A part of me wants to avoid further commentary about this case because it is, as one of my former editors used to say, "cats in a bag:" A back-and-forth struggle that's messy and ugly and where no one really wins.
Over the past 11 months, the he-said, she-said war of words between the two sides has somehow become more toxic than the original physical scuffle that set off this crazy set of circumstances.
But one thing about the Kennedy's new lawsuit caught my eye. In addition to alleging assault, intentional infliction of emotional distress, defamation, and malicious prosecution, the Kennedy suit also alleges breach of confidentiality on the part of the hospital and the nurses.
The lawsuit claims that that there were unauthorized disclosures of Molly Kennedy's (the baby's mom) federally protected health information, including her medical records, as well as her infant son's medical records and a video surveillance tape from Jan. 7. In other words, in addition to the physical confrontation, the Kennedys are also alleging a HIPAA violation.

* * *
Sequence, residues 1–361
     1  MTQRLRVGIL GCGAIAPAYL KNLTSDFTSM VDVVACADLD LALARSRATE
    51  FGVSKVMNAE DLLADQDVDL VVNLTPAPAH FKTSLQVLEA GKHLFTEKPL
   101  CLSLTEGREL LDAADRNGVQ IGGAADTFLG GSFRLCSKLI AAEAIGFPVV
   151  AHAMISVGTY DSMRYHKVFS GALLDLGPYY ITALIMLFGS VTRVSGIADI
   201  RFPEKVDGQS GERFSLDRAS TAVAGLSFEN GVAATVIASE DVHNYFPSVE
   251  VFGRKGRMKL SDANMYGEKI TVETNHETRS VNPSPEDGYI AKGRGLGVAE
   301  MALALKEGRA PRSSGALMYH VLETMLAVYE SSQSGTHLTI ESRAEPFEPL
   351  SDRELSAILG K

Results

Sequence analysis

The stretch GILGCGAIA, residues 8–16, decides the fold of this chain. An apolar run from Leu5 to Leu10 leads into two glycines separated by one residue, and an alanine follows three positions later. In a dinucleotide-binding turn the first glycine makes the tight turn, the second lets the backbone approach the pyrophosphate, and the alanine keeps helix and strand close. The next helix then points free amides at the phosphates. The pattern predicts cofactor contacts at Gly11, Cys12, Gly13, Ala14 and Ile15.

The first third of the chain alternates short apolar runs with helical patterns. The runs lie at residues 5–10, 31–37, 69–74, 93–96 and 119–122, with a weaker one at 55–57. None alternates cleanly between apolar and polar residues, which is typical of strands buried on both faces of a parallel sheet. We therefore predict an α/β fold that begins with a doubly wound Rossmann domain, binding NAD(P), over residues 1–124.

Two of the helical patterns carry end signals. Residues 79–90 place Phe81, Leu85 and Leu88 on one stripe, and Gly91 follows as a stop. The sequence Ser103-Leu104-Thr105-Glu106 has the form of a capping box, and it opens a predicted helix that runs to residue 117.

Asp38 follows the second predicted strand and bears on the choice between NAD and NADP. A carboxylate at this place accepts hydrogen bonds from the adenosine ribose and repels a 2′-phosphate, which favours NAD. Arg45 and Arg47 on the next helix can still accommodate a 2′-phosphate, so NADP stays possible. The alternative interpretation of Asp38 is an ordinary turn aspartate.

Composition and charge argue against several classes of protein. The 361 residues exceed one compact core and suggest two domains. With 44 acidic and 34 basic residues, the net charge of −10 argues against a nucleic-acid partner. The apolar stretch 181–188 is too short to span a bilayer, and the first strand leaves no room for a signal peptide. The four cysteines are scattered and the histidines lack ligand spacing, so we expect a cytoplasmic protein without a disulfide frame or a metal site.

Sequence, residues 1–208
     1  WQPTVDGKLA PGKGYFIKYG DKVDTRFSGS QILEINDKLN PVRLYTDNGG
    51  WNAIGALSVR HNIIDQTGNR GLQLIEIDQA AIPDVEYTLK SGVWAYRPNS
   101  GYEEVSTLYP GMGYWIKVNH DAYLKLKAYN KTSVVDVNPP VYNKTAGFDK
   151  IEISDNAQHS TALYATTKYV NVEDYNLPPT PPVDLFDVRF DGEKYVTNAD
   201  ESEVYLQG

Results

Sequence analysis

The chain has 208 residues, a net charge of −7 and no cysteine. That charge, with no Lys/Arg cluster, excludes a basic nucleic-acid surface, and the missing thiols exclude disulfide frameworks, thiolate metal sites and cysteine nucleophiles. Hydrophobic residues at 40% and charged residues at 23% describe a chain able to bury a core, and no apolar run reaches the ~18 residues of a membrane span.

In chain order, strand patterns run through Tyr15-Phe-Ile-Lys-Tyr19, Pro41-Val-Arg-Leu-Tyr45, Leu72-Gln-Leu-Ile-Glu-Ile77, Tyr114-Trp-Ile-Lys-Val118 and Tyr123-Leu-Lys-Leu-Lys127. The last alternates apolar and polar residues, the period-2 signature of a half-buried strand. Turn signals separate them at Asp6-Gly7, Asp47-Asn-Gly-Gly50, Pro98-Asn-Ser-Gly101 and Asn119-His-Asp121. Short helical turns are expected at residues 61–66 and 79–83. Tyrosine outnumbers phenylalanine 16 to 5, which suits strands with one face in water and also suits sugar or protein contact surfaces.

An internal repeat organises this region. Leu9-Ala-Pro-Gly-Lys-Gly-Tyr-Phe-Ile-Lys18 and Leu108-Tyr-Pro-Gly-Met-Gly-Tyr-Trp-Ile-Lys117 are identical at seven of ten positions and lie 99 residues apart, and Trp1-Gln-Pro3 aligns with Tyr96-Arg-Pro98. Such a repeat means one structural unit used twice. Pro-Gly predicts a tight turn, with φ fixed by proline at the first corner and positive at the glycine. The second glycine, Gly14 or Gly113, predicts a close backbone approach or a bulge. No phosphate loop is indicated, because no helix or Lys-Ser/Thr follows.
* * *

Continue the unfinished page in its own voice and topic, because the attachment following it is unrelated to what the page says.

The hallway scuffle—which prompted the nurses involved to call a "code pink" for an infant abduction and a "code purple" for a combative person—is certainly the aspect of this case that's garnered the most media attention.
Let's face it; HIPAA's just not that sexy. But penalties for HIPAA violations can include huge monetary fines and even imprisonment. And those fines are about to increase, now that HHS has release its so-called "mega" final HIPAA rule.
The Kennedys allege that the hospital not only provided the nurses and their attorney with Molly Kennedy's protected health information. The complaint also notes that the information then aired on NBC's Today Show and other news outlets.
The Kennedys say that this damaged Molly Kennedy, "causing her to suffer from extreme emotional distress, and continue to suffer psychological injuries and pain with suffering of mind, fears, depression, anxiety, all of which, upon information and belief, have caused and will cause the need for psychological intervention and treatment."
I don't know how this will turn out, but I'm guessing that these cats aren't leaving the bag any time soon.